And perhaps that is why I was pleased to learn on my twelfth anniversary of using Twitter (which reminded me of that, obviously) I lost 200,000 followers. I was part of the big fake account and bot purge that Twitter has recently embarked on. The New York Times says that there are about 48 million active users are what it calls “automated accounts designed to simulate real people.)
As The New York Times noted — Oprah ( down 1.4 million), Ellen (down 2 million), Justin Bieber (down over 3 million) and Kim Kardashian (down 3 percent) — lost many more. I would be happy to lose half or even more of my followers if that means cleaning up the service, increasing the signal and dampening the noise. I think the challenge for social platforms like Twitter is that real engagement is being drowned by the noise in the system – fake accounts and bots. Continue reading ““Fake Followers” are “Social Spam””
One of the targets I have set for myself is that I will walk a minimum of additional 8,000 steps every day for rest of the year. Walking out of the house with a camera is a great motivator and before I know it, I have surpassed my daily goals in a jiffy.
Yesterday, I decided it was time to play around with a film. I picked up my medium format Mamiya 6 camera and off I went to make some long exposures. The manual settings, the manual calculation of the time it would take to properly expose a photo and the idea that you for to wind-the-film forward were quite therapeutic compared to the rather automated world of digital. I did end up cheating a little. (more…)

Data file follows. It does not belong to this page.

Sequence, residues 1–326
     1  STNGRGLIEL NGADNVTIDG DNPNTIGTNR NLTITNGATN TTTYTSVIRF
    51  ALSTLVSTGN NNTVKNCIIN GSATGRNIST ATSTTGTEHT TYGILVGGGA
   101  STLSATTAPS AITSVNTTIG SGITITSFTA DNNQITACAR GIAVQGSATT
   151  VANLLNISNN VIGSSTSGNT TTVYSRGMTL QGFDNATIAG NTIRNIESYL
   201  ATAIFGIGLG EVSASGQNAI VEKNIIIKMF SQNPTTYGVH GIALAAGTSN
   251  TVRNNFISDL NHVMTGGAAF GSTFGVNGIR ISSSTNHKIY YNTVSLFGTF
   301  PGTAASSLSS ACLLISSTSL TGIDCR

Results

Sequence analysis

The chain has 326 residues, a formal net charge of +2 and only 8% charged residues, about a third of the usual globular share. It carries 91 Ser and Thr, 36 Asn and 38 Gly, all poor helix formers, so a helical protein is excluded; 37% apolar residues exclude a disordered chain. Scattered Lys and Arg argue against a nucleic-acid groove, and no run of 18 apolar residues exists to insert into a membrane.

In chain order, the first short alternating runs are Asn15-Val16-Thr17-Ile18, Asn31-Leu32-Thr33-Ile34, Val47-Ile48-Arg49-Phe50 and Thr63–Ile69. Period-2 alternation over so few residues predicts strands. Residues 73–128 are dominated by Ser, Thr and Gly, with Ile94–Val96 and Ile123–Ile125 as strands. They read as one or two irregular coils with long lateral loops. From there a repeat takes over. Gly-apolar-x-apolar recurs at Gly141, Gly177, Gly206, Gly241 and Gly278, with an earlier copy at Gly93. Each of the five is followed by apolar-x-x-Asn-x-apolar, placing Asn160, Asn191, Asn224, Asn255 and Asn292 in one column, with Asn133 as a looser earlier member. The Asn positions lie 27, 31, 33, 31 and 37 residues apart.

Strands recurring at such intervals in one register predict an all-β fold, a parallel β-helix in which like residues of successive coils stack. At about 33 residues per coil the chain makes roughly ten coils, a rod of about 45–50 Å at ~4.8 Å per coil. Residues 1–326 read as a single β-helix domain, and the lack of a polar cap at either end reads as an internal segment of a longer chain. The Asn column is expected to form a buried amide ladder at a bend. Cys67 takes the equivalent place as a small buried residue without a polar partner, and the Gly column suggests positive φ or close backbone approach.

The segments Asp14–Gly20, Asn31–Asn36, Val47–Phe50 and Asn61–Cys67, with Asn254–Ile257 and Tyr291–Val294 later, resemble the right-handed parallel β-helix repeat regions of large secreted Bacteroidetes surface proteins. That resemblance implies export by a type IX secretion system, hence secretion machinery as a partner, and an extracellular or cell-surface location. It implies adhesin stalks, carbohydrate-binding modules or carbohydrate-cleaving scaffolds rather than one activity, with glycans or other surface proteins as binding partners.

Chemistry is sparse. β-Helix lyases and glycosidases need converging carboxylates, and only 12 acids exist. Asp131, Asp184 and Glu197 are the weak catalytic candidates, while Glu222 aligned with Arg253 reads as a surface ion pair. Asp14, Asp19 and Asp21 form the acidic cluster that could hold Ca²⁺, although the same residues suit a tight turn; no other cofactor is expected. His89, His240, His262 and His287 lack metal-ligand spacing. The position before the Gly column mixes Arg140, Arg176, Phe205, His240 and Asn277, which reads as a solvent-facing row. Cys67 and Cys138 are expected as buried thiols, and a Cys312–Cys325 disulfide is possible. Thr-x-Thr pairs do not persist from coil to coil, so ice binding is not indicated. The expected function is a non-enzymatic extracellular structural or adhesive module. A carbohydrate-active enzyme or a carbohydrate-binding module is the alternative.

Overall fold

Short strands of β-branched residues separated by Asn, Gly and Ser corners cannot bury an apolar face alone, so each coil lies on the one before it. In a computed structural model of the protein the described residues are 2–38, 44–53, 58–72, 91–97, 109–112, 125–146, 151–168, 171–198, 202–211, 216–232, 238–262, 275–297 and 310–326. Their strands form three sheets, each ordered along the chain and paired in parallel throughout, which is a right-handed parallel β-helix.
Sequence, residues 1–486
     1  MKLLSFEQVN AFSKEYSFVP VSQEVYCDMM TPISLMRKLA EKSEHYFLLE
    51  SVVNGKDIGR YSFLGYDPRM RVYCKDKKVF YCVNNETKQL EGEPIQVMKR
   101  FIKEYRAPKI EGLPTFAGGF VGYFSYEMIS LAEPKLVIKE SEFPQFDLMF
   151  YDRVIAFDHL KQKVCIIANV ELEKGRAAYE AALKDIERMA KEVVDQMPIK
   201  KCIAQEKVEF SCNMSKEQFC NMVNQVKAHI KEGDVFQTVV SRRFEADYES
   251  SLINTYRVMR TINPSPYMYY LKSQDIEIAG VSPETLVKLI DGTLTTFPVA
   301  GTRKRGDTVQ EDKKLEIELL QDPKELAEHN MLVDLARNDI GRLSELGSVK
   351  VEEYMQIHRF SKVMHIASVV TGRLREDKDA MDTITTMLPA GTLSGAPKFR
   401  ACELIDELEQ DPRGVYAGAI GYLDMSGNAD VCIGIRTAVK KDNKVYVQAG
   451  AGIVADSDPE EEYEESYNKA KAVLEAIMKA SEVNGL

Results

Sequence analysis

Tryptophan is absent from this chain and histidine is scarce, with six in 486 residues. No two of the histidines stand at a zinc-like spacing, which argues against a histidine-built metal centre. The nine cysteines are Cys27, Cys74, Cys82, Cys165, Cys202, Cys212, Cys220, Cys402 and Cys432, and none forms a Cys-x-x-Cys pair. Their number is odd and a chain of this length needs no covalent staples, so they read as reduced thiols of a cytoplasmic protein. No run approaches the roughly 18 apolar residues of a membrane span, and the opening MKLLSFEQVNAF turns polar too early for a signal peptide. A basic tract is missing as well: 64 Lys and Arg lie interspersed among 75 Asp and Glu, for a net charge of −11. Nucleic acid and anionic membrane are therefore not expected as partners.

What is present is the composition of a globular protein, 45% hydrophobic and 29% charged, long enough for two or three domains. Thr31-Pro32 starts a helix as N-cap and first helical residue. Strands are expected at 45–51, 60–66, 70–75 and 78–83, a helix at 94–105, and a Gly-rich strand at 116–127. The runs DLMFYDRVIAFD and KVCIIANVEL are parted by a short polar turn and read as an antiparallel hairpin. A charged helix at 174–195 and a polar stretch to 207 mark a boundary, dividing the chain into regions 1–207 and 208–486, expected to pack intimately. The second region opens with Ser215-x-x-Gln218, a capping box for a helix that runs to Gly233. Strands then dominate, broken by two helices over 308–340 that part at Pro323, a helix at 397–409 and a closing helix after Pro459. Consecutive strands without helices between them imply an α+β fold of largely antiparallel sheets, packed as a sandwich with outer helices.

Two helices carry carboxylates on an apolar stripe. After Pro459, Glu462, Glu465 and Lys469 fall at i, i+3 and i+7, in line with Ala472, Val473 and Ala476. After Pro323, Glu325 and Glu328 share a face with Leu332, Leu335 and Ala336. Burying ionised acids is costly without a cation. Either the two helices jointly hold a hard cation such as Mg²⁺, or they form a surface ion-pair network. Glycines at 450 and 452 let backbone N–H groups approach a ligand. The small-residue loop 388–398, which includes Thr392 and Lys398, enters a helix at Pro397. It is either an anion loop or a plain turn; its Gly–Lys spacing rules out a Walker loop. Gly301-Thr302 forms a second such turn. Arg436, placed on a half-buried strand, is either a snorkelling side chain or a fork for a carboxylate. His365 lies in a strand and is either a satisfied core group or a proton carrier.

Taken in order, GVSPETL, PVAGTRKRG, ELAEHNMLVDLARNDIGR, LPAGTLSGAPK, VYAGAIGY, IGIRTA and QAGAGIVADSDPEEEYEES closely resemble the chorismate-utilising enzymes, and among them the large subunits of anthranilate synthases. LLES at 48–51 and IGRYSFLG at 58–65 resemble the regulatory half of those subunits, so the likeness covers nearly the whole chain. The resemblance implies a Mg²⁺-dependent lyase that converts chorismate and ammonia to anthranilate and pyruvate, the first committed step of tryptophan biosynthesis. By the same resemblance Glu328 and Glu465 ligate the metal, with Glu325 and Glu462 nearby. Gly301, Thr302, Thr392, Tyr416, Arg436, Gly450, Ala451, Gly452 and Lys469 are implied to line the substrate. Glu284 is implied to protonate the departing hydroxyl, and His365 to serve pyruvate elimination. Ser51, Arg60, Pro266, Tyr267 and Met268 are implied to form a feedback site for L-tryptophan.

If you are tired of the negative narrative around Silicon Valley ecosystem, then you might want to read this piece. It does what is missing in many of the news reports in technology — context and perspective. A lot of great things are happening in Silicon Valley — you just have to look. The unique thing … Continue reading Silicon Valley: A Reality Check
As a fan of the Yankees, it has been a while since we have had a chance to cheer for a homegrown player. It is why I root for outfielder Aaron Judge, who is well known for hitting home runs (13 so far this year) like no one else can. Thank god, I have him … Continue reading All Rise for Aaron Judge
My dear friend Steve is a very smart guy and he has come up with a gem of post that explains how to take good care of your batteries. If you try to stop charging around 80% and never drop below 30%, you should be able to double the battery’s service life…..Stay away from third-party … Continue reading How to take care of your batteries
This stood out in this weak & meandering piece about designers and fashion. It is the reality of our world beyond just fashion. There is nothing that has a permanent impact and we are always looking for the next fix: For better or worse, we live in an age of constant content. It feels like … Continue reading A reflection on our speedier times
“In the Golden State, dangerous drug cartels are growing pot on public lands—putting wildlife, water supplies, and outdoor enthusiasts at grave risk,” reports Julian Smith in this eye-opening report which needs wider coverage. Continue reading Backcountry Drug War